Several participants in the recent “I Can’t Breathe SC” protests have tested positive for COVID-19, the State Newspaper first reported.
Leader Lawrence Nathaniel posted a live video on Facebook Saturday night saying that four leaders, three photographers, and six protesters have tested positive recently.
Nathaniel said those people who tested positive for coronavirus participated in Greenville, Charleston, and Columbia protests over the last two weeks.
He urged anyone who has participated in the “I Can’t Breathe SC” protests in the past three weeks should get tested and share his video. Across South Carolina, thousands have banded together and taken to the streets for the Black Lives Matter movement to express anger and frustration in the wake of the George Floyd murder.
“We need to do our part, go get tested and don’t go to a protest until you get tested,” Nathaniel said.
Nathaniel said the recent rise in cases has caused the movement to cancel several upcoming protests events until the numbers go down.
South Carolina health officials reported yet again another record-breaking weekend for COVID-19 with more than 2,000 cases reported in a two day-period.
So far in June, South Carolina has seen more positive COVID-19 cases (12,943) than it did in March, April and May combined (12,059).
Young adults between the ages of 21-30 are now the most likely age group to get COVID-19 in South Carolina, after a surge in reported cases over the last few weeks. That age group accounts for 18 percent of the COVID-19 cases
Teenagers now account for 7 percent of the confirmed cases.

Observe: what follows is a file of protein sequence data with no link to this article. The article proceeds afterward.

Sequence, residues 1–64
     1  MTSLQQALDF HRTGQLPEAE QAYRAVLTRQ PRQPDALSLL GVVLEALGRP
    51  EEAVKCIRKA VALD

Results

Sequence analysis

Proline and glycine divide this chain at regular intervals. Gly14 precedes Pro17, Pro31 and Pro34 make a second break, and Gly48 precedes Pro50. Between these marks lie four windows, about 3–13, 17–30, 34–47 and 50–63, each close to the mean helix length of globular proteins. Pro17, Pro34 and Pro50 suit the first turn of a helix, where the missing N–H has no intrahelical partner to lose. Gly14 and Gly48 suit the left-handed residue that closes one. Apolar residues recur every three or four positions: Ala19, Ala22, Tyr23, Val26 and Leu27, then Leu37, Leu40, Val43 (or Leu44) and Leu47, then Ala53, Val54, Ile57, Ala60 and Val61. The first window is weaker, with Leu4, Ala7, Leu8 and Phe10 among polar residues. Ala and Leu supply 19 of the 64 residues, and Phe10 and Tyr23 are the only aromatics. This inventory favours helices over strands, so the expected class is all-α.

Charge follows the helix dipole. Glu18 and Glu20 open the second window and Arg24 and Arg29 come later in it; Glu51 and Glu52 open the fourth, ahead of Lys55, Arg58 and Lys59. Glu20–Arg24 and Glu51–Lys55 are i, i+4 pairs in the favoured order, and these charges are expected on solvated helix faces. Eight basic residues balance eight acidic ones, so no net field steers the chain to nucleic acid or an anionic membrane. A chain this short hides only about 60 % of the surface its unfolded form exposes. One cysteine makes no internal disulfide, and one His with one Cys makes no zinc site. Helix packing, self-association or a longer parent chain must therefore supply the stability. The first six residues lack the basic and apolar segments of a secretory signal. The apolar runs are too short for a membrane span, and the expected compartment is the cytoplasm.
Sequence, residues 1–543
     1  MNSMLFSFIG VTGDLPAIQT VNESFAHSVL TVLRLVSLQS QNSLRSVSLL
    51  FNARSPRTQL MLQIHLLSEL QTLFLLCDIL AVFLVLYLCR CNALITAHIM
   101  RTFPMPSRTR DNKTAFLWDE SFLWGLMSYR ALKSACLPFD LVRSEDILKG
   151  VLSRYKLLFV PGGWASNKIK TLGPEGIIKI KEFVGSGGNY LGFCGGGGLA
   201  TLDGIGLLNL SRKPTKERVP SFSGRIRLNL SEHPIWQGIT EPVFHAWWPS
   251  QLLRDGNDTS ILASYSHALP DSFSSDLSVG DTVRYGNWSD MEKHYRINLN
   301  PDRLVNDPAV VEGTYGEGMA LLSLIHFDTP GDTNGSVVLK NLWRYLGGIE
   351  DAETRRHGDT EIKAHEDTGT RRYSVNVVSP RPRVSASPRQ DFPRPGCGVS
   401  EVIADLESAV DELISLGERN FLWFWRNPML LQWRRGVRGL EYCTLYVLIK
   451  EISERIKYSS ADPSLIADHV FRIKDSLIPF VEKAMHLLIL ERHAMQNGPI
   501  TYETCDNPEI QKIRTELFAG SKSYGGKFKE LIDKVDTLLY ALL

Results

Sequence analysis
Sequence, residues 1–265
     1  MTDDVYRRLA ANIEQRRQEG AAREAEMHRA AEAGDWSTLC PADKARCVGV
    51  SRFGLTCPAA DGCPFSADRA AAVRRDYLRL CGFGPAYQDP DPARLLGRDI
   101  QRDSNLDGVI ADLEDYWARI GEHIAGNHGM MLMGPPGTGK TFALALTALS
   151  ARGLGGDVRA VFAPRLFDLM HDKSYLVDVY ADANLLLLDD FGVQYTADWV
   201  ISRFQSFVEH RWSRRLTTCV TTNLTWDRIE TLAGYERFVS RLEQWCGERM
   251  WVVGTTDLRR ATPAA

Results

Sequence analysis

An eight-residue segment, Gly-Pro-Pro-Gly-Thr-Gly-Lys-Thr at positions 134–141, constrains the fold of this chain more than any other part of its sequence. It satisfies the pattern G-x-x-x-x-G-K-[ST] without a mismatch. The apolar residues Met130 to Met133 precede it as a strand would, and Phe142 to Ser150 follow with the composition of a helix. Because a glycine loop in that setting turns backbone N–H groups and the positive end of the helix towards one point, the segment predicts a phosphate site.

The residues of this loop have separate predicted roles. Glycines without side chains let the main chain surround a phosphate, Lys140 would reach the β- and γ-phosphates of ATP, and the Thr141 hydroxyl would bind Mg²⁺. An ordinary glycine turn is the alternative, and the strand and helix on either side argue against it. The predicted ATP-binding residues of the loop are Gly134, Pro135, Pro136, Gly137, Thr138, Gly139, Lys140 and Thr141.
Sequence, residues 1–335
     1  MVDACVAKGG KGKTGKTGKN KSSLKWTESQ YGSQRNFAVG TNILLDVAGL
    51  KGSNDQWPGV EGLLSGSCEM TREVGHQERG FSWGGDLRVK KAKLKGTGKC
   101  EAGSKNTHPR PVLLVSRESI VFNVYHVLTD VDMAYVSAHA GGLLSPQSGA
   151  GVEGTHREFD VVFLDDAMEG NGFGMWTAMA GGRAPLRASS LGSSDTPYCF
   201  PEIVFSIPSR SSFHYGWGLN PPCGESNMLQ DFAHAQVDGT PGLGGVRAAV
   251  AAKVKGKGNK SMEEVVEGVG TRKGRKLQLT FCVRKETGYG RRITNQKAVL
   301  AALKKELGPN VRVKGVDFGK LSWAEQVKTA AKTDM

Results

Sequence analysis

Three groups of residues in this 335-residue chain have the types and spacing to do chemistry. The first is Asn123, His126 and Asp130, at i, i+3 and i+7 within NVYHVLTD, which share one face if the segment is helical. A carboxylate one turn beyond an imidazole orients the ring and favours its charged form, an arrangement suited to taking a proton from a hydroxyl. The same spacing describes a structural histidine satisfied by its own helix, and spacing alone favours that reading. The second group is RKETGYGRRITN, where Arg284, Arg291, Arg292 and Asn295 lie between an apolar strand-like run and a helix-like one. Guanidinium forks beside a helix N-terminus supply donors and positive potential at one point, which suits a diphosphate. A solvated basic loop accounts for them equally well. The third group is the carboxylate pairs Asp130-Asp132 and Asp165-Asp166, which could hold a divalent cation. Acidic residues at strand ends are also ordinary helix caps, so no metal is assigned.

“The increases that we’re seeing serve as a warning that young adults and youth are not immune to COVID-19,” said Dr. Brannon Traxler, DHEC physician consultant, in a recent news release. “They also tell us that younger South Carolinians are not taking social distancing seriously.”
SCDHEC said their data reflects a national trend showing a growing number of young people getting coronavirus in recent weeks.
“While it is true that most youth and younger adults with COVID-19 only experience a mild illness, that is not true for all,” Traxler said in the news release. “In addition, it’s important to remember that even with mild or no symptoms you can spread the disease to those around you – your friends, teammates, and family. We’re calling on our younger generation of South Carolinians to be leaders in their communities by taking actions to stop the spread of COVID-19.”
Coronavirus is also affecting the black population in South Carolina at disproportional rates. While black people make up only 27 percent of the population in South Carolina, they account for 36 percent of all confirmed COVID-19 cases and 46 percent of deaths, according to SCDHEC.
Nathaniel said Saturday he got tested and was awaiting results.
Here is a list of upcoming COVID-19 free testing locations in South Carolina.
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